There is a reason that I look at YouTube videos of police interactions. Every once in a while, you’ll find a bit of sheer genius amid all of the idiocy. This is one of those cases.
Here, a black man is pushing a motorcycle down the street when he is stopped by the police, to investigate whether the motorcycle is stolen or not.* The officers run the license plate of the motorcycle, then they run the VIN number, just to be sure. Both come back clear, they both match, and so on. The black man isn’t real happy about being stopped, and at 0:22 one of the officers explains that the man has a “completely disturbed attitude.” It’s not really the officer’s place to decide that, but the interaction gets better.
At about 4:44 in the video, the suspect asks the second officer what he thinks about all of these shootings, referring to the earlier comment he made about black men, especially unarmed black men, being killed by police officers without the officer ever being convicted. The officer responded:
And then the suspect, in a moment of genius, asked the officer about the five Dallas officers who were killed by ambush. The officer’s response was very different:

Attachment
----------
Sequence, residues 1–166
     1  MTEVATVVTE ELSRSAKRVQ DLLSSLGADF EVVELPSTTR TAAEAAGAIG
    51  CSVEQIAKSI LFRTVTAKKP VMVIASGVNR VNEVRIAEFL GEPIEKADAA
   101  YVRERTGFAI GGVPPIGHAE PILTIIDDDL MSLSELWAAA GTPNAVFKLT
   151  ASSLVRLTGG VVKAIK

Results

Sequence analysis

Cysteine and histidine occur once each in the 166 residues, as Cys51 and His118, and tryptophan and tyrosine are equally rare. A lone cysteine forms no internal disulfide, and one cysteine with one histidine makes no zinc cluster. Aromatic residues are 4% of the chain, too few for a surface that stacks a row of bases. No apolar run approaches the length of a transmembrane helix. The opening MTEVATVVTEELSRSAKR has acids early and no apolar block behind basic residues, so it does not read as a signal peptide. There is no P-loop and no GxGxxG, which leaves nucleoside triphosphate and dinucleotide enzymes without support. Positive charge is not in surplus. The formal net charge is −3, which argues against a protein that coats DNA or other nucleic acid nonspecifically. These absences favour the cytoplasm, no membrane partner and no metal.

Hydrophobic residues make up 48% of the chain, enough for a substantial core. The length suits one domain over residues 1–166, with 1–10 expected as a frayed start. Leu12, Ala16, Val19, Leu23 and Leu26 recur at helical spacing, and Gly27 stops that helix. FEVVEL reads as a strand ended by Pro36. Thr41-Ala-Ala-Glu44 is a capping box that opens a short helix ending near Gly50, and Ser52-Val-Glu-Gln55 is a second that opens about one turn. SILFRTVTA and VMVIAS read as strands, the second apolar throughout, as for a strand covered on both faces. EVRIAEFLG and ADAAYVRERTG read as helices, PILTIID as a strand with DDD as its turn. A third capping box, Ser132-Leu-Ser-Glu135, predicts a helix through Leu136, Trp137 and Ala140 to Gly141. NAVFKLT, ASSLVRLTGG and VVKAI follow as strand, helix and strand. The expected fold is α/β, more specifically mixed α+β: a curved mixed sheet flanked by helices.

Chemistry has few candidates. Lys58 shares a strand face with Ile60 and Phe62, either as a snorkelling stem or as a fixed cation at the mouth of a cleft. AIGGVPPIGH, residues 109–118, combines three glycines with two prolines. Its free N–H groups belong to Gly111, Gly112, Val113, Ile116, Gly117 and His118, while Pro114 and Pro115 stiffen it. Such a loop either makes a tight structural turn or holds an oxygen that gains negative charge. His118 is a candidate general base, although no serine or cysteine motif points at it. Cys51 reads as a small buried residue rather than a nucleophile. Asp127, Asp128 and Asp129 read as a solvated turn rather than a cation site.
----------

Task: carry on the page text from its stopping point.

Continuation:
Our suspect immediately pointed out the disparity in the attitude of the officer, that “s**t happens” if it is a civilian who is being killed by the police, but “it’s a tragedy” when any officer is killed. The officer won’t address that, but points out that the individual was violating a traffic law.†
The sad part is the officer never understands what the man is saying. The officer just doesn’t get the difference between an attitude that says “s**t happens” and “it’s a tragedy.” To spell it out, that attitude is one that says that a police officer’s life is more important than a non-officers life. Our suspect then makes it crystal clear (at 8:10):
The next that somebody kills a s**tload of officers, say that to yourself, well, s**t happens.
That is absolutely brilliant.
There is a distinct problem when police officers believe that their lives are more important than the lives of the citizenry that they are sworn to protect. This video points out that attitude in a way that is hard to dismiss.
*That’s arguably reasonable suspicion, although it is also arguably racial profiling. For the purposes of this article, we’re going to assume that it is reasonable suspicion.
†Although I believe this to have happened in Texas, I’m not sure. I’m also not sure that there is a traffic violation involved, but even giving the officers the benefit of the doubt, that still doesn’t address the man’s concerns.